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Your Rights as a Credit Cardholder — Fair Credit Reporting Act (FCRA) Explained

Acme Lending denied Han’s application for a car loan due to a low credit score. Curious about his credit history, he requested a free copy of his credit report. He noticed several inaccuracies, including accounts that didn’t belong to him and payments that were incorrectly reported.

Han disputed these errors with the consumer reporting agency. Its investigation found that Han had entries on his credit report for a person with a similar name and that a credit card he’d had in college hadn’t bothered to report several of his payments, making it look like he still owed them money. 

Now, Han’s driving around in his brand-new sports coupe thanks to a law known as the Fair Credit Reporting Act, which made fixing all that for free within about a month possible. And the FCRA could do the same for you — if you know your rights.

What Is the Fair Credit Reporting Act 

The Fair Credit Reporting Act protects your credit report from misuse. It applies to consumer reporting agencies — like credit bureaus, tenant or employee screening services, and medical information companies — and the businesses that report information to them. 

The FCRA limits who can see your credit report and provides you the right to know when negative information played a role in an application denial. It also ensures all information provided on your credit report is private, accurate, and fair.

The FCRA went into effect in 1971 and was the first law to protect consumers from willful misconduct on their credit reports. When it went into effect, the Federal Trade Commission oversaw it, but it has since transferred to the Consumer Financial Protection Bureau.

It was one of the country’s first data privacy laws and has changed a lot over the years to protect consumers from ever-changing threats.

Credit Cardholder Rights Under the FCRA

Laws like the FCRA may seem intimidating, and it may feel overwhelming to take action if someone violates your rights. But issues with your credit report can spin out of control, affecting other facets of your life, so taking action if someone violates one of these rights is a must. 

1. Right to Access Consumer Reports

The FCRA provides consumers the right to access all information any bureaus collected about them. By law, consumers have the right to one free annual credit report from each agency.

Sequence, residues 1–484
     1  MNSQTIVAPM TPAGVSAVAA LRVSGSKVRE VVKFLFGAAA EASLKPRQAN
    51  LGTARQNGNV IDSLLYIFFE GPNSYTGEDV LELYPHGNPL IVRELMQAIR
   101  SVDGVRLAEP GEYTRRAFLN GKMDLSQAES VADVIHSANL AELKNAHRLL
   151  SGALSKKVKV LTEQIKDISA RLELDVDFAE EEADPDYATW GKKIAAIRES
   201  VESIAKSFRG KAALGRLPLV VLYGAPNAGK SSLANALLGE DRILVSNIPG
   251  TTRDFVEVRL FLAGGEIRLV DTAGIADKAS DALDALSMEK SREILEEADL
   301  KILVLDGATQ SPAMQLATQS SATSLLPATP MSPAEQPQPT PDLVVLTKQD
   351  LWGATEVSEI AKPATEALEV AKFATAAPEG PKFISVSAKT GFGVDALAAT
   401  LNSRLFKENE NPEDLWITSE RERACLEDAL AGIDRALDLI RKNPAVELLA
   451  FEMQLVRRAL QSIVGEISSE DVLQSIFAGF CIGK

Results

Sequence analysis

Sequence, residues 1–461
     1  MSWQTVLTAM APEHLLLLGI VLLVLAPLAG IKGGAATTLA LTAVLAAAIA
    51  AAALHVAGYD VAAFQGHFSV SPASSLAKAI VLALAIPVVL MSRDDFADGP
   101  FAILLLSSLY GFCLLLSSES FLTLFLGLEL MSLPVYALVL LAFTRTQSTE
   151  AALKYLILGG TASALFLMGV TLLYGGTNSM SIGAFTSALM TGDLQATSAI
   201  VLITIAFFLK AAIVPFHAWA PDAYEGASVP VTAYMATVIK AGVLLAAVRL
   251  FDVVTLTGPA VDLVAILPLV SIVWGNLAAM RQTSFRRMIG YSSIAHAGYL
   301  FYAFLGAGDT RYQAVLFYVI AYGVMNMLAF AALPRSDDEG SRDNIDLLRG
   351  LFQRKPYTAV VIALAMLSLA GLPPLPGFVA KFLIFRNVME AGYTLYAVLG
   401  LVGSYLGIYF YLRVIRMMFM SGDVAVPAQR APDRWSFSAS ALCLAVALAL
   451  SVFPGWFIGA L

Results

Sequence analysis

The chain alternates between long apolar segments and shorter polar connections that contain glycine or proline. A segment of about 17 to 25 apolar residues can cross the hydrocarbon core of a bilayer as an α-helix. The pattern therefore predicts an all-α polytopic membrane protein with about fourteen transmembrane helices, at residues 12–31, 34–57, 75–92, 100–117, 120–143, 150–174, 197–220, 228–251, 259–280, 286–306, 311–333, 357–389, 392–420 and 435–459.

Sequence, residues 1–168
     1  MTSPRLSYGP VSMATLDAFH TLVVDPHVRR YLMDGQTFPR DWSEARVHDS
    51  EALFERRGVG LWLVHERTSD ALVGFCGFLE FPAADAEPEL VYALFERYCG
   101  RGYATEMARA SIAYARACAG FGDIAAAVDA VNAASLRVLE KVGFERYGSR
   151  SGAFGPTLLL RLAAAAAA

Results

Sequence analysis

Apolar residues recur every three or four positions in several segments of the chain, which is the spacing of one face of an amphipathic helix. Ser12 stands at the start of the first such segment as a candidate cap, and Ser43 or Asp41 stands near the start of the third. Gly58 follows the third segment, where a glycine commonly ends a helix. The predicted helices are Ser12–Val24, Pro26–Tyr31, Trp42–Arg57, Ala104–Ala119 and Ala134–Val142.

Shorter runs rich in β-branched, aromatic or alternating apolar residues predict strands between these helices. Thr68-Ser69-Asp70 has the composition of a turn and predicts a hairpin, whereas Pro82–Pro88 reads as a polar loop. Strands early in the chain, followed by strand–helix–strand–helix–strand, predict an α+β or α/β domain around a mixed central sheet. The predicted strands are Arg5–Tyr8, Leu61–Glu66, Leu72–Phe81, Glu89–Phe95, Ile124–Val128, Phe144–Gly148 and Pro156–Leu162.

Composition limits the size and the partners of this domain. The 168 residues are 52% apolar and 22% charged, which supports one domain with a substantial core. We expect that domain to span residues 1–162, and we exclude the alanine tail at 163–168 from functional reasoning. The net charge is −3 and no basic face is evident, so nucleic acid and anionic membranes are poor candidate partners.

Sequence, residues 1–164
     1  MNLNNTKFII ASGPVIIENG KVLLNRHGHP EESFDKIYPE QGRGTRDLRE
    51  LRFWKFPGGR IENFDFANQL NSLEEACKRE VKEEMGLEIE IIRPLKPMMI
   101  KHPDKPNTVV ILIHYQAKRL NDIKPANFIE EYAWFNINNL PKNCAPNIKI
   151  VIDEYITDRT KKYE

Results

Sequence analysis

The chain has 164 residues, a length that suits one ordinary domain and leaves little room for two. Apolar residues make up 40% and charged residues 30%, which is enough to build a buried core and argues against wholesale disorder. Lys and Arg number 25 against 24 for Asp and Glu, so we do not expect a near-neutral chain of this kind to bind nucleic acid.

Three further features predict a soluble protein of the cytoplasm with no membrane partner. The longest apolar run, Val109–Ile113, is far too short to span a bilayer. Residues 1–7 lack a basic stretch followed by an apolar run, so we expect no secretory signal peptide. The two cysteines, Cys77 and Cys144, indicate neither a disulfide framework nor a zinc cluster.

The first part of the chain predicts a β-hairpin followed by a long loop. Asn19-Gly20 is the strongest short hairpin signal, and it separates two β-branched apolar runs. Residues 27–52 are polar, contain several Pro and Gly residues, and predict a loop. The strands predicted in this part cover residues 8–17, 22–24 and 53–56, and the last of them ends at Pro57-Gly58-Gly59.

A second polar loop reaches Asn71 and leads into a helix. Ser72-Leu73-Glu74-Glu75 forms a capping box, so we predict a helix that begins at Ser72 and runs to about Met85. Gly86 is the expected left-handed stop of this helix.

That includes the three major bureaus — Experian, TransUnion, and Equifax — and any smaller or niche bureaus, such as those that collect employment, insurance, and fraud information. You can find a list of smaller bureaus on the Consumer Financial Protection Bureau website.  

Thanks to widespread fraud during the pandemic, consumers had access to free weekly reports from each credit bureau from However, for years, the major credit bureaus have given consumers access to much if not all the same information through free online accounts. 

Regardless of which agency you wish to obtain your credit report from, you must provide adequate identification, including verifying your Social Security number. 

2. Right to Dispute Credit Report Inaccuracies

Discovering inaccurate information on your credit report can be frustrating, but the FCRA gives you the right to dispute it.

Each credit bureau has a method you must use (usually a link on their website) to file the dispute. The agency investigates your claim unless they consider it frivolous.

If the investigation determines the information in dispute is inaccurate or the credit bureau can’t verify it, they must remove or correct it. Typically, they have 30 days to investigate, though it can take up to 45 in some circumstances. After that, it may take a few days to notify you and update the report. 

To learn more, read our article about disputing errors on your credit report.

3. Right to Know When Credit Information Caused an Application Denial

If a would-be lender or creditor denies your application, it must supply you in writing with the name, address, and phone number of the credit agency used to decide and a reason for the denial so you can see the information yourself. This document is called an adverse action notice.

4. Right to Place a Security Freeze on Your Credit Reports

You have the right to place a free security freeze on your credit profile whether or not you’ve experienced fraud or theft. A freeze just means no one can access your credit report without your authorization. 

If you apply for a new loan or credit card, it could delay the process because the credit bureau must first get your permission to access the file before sharing it with the creditor. But that inconvenience is a small price to pay to protect your finances.

5. Right to Place a Fraud Alert on Credit Reports